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Teenage Irresponsibility In Shakespeare’s Romeo And Juliet Essay

In modern times, teenagers are often seen as irrational and irresponsible. Some would argue that this is because the brain is not yet fully developed or because of emotional challenges. Whatever the cause, in Shakespeare’s Romeo and Juliet, teenage irresponsibility and irrational thinking is put at extreme, which ultimately causes the death of the star-crossed lovers. The friar is often blamed for the couple’s death because it is though that he falsely led the couple down a path that was far more dangerous than needed.

However, this argument is flawed because even though the friar does indeed give the couple advice as what to do about their situation, he is not their guardian and it is ultimately Romeo who is accountable for his actions. Romeo often dismisses the warnings the friar gives him. A considerable example of this is his quickness to marry Juliet despite the friar saying it was not wise. This is not an unusual action for Romeo as he often does things without thinking with these actions causing mayhem.

Romeo’s overall impulsiveness and haste ultimately cause the untimely death of the couple with such qualities being shown through his infatuation, immaturity and his quickness to marry Juliet. Romeo often exemplifies the stereotypical teenager, he rarely listens to those around him and often dismisses warnings, and as a consequence, he causes harm to himself and others. Soon after meeting Juliet, Romeo decides he will marry her. However, the friar advises against it, “Wisely and slow.

They stumble that run fast” (II. iii. 101) and urges Romeo to slow down. In this warning, he is clearly advising against the marriage and creates a metaphor to further emphasize the degree of Romeo’s recklessness. Romeo further displays his rashness by going so far as to say: “… love-devouring death do what he dare,/ It is enough I may but call her mine”(II. vi. 7-8) which expresses his immaturity because he is only caring about the future of himself and Juliet, and not how his actions will affect others.

He dismisses the friar’s warning all together and he dares death to come into play. This illustrates the point that it was Romeo who put the couple in danger. This ignoring of the friar’s warning displays how he coaxes fate and does not care about the consequences to his actions so long as he has Juliet. As shown in this quote, Romeo often puts the couple in situations that are dire and dismisses any help given to him by others. The strongest example is the marriage between the couple, in which Romeo’s haste and impulsiveness is clearly displayed.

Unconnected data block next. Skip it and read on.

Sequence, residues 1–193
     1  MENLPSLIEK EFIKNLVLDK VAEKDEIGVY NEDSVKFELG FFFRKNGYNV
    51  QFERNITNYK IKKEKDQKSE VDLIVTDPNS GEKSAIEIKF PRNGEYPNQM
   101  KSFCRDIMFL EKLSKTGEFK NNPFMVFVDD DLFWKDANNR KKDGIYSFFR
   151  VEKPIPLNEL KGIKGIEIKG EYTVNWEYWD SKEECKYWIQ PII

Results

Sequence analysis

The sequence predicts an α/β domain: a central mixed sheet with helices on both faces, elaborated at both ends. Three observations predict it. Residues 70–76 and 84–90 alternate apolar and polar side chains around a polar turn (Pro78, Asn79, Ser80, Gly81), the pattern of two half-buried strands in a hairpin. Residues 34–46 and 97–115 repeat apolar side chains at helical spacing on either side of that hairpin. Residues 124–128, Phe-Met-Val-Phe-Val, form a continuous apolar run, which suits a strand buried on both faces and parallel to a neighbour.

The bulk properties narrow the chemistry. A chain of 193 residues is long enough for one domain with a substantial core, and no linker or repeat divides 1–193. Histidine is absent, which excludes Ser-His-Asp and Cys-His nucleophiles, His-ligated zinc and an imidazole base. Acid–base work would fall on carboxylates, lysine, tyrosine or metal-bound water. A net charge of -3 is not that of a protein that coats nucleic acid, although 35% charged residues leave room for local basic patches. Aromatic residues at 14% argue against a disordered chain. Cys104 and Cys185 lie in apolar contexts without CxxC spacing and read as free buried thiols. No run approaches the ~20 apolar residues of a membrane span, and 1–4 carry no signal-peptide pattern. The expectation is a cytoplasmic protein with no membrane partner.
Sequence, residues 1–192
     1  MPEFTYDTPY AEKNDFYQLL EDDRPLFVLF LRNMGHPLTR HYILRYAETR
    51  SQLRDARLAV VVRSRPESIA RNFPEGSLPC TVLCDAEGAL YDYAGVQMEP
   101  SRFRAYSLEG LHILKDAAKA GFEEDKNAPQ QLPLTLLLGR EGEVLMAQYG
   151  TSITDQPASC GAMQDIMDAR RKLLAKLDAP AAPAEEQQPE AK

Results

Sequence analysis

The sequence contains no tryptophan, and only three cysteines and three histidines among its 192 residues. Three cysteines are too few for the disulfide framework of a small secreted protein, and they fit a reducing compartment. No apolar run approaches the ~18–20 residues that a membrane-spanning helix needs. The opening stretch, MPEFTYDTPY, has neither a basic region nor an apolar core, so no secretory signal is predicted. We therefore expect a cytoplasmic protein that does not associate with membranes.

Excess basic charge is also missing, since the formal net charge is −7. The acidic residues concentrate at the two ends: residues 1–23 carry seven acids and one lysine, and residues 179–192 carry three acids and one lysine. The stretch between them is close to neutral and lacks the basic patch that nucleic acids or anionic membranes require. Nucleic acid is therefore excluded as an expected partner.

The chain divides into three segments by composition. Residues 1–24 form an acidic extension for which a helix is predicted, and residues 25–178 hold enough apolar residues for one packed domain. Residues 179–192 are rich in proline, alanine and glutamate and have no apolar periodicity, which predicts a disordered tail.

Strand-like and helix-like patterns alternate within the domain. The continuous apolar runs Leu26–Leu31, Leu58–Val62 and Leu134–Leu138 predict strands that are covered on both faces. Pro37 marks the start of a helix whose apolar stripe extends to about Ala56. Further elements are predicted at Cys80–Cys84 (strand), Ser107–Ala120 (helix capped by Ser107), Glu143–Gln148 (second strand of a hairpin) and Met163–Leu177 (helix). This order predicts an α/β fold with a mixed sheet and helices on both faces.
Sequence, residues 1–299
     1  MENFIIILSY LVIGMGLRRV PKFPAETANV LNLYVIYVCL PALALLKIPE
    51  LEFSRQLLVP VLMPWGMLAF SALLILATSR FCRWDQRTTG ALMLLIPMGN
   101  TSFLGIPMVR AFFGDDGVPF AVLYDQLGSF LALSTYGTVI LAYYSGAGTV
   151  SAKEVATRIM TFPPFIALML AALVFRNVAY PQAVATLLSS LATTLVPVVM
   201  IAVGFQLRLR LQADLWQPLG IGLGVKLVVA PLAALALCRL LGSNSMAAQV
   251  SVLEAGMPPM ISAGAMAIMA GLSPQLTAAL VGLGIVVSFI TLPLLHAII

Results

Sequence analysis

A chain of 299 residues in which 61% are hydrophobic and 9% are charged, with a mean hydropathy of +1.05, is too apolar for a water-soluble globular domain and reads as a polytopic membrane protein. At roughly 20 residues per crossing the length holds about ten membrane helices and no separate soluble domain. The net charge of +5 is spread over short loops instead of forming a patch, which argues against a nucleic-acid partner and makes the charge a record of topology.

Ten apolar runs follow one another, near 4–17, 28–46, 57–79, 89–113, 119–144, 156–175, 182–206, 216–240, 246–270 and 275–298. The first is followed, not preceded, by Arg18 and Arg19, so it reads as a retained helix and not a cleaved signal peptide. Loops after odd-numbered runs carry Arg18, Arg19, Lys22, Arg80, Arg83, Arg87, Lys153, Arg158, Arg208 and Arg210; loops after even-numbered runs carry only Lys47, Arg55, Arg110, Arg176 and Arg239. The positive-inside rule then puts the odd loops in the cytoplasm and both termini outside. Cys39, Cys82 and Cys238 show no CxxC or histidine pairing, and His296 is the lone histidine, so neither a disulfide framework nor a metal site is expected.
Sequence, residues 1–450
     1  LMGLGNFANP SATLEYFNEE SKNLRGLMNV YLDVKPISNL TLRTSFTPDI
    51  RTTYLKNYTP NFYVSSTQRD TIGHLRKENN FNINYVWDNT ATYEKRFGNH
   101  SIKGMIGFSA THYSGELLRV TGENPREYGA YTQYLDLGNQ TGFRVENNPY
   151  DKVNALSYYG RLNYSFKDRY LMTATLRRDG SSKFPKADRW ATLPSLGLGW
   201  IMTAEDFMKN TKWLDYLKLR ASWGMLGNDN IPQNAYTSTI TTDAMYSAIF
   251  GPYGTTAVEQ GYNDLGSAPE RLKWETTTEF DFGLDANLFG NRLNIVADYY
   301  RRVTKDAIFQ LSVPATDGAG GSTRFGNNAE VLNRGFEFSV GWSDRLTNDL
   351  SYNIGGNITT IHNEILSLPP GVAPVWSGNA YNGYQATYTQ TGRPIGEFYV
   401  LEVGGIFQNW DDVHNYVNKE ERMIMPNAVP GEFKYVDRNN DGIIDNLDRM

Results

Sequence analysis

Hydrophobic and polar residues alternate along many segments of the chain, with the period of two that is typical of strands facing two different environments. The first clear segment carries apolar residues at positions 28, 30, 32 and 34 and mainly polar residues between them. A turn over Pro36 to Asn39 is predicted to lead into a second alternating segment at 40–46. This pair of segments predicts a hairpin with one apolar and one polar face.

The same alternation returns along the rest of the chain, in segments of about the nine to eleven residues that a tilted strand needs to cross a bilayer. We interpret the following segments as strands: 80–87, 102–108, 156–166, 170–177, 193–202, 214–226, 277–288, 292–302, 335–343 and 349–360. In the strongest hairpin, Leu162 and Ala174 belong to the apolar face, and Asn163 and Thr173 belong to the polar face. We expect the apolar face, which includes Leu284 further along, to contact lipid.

Despite the difficult decisions Romeo makes it often becomes clear that Romeo is not suited to make these decisions as he is frequently childish and immature. Mercucio, while trying to convince Romeo to move on from Rosaline, says, “Take some new infection to thy eyel and the rank poison of the old will die” (1. ii. 51-52). Although Mercucio is trying to sympathize with Romeo, his tone makes it clear that he is tired of Romeo’s complaints.

Although it is Romeo’s responsibility to get over Rosaline, he puts this responsibility on his friend, which further elaborates his childlike irresponsibility. Later he comes upon Juliet fretting about their family feud and tries to comfort her”… Call me but love, and I’ll be new baptized” (I1. ii. 54). This quickness to abandon his name and family for a love that is so new is a prime example of his childishness. He is willing to throw away his family and his life for a woman he barely knows without thinking about the consequences.

Romeo’s childishness often causes him to not take responsibility for his actions, to act impulsively, and to make unwise decisions. His childishness ultimately causes the couple’s death. Soon after seeing Juliet for the first time, Romeo says, “Did my heart love till now? Forswear it sight, / for ne’er saw true beauty till this night. “(1. v. 59-60) immediately dismissing any feelings he had for Rosaline, despite the grief he spent on her behalf. His potential feelings for Juliet are only encouraged by her availability and Rosaline’s lack thereof.

His quickness to abandon his feelings for Rosaline is peculiar and displays his impulsive nature as he jumps at any opportunity for love. After first meeting Juliet he goes to see her, and overhears Mercucio teasing him about Rosaline. Romeo remarks, “He jests at scars that never felt a wound” (11. ii. 47). This is heavily ironic and supports the idea that Romeos love is purely infatuation. Earlier he was distraught about Rosaline and now he dismisses this as nothing because of his pseudo-love of Juliet.

Romeo’s infatuation and haste go hand in hand because his infatuation is simply his haste displayed through his love. Romeo’s overall impulsiveness and haste ultimately cause the deaths of the lovers. This is because Romeo ignores the warnings the friar gives him and denies any reasonable consequence because of the infatuation he feels for Juliet. The friar is not to blame for their deaths, because Romeo ultimately dismisses the warnings the friar gives and makes rash and immature decisions without being ultimately affected by the friar’s opinion.

Despite the friar’s opinion, it is ultimately Romeo who makes the decisions and carries out the actions. Romeo is a perfect example of how the stereotypical characteristics of teenagers are echoed throughout the ages and that the characteristics shown during these teenage years can be harmful to those around them and themselves. The characteristics that people have throughout their teenage years, such as impulsive nature and haste, lead to arguments and problems that could be easily resolved otherwise

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